Sustainability is widely recognized today as a guiding idea for societal and economic development. With the growing importance of sustainability, there is also a growing need for reliable and comparable approaches that allow measuring the sustainability of a given object, e.g., a product, service, process, or an enterprise. In response to this demand, a plethora of approaches [1
] has emerged to provide sustainability assessments (SAs). The SA field has origins in previously established methods like industrial ecology, LCA [3
], policy impact evaluation [4
], and has been increasingly established and institutionalized in the form of political commissions and declarations, such as the Commission on the Measurement of Economic Performance and Social Progress [5
] and the Istanbul Declaration [6
] and “standards” like Bellagio STAMP [5
]. Spurred by research, the sophistication, standardization, and specialization of SA approaches are improving. However, little attention has been paid to how research projects navigate the challenges of selecting and customizing SA approaches for their unique research purposes.
In considering general aspects of sustainability assessments, it is important to note that there is no interdisciplinary approach to identifying standards nor a consistent basis for SA [7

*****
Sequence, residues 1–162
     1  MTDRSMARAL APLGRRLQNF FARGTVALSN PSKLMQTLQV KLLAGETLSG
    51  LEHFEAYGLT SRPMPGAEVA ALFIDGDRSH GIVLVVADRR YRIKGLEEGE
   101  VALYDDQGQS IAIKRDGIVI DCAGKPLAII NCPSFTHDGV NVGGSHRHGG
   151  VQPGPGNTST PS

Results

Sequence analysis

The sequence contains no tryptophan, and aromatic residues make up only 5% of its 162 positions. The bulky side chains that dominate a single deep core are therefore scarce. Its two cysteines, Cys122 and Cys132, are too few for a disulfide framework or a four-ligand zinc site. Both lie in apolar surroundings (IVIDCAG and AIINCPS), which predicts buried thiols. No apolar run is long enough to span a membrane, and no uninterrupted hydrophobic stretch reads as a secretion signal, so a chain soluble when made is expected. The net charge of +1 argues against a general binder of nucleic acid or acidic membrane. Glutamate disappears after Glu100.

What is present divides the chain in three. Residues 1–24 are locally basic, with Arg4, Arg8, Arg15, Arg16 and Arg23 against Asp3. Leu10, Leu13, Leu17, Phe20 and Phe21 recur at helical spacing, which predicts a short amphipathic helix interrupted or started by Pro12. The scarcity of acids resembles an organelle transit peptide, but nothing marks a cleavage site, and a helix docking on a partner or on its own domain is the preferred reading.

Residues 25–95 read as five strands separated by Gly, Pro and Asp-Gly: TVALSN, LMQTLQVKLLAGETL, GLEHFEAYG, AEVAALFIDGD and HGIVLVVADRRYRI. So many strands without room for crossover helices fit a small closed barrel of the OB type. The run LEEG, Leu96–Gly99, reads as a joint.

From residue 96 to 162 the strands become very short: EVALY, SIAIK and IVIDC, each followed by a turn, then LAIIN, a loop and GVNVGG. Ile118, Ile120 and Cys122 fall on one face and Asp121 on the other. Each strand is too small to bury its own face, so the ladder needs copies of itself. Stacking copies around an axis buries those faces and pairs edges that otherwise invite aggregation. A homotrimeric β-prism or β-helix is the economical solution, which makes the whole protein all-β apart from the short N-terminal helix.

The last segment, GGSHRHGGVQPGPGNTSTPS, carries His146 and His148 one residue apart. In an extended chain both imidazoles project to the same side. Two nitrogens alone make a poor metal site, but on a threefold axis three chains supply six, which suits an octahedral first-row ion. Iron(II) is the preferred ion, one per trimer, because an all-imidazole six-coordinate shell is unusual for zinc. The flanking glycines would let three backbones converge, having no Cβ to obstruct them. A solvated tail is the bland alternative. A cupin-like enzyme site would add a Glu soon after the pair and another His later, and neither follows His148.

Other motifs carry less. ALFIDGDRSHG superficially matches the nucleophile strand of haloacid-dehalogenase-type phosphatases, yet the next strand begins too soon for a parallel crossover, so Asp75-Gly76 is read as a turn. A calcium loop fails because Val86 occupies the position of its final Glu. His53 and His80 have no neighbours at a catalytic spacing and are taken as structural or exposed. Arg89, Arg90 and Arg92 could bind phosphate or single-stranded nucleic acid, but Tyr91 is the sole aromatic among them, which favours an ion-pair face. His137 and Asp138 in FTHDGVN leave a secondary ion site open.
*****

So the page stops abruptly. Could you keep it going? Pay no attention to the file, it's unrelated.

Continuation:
]. The field of SA is highly diversified, cuts across sectors, products, processes and lifestyles/consumption patterns so researchers need to know what sustainable practices are, products, firms, sectors, policies, countries. Sustainable development is multidimensional and complex, so it is not possible to have a single indicator; furthermore, SA is informed by different understandings of sustainable development, which makes the operationalization of sustainable development and SA more complicated. Moreover, SA has to face the normative content of sustainable development: When trying to design and implement sustainable development, sooner or later there are conflicts of interest that have to be dealt with, but dealing with tradeoffs can hardly be addressed by science. This means that the plurality of approaches to SA can be meaningful because of the very different tasks, goals, subjects, objects, reference levels and contexts of SA on the one hand and because of normative assumptions and underlying values as we work out in the study.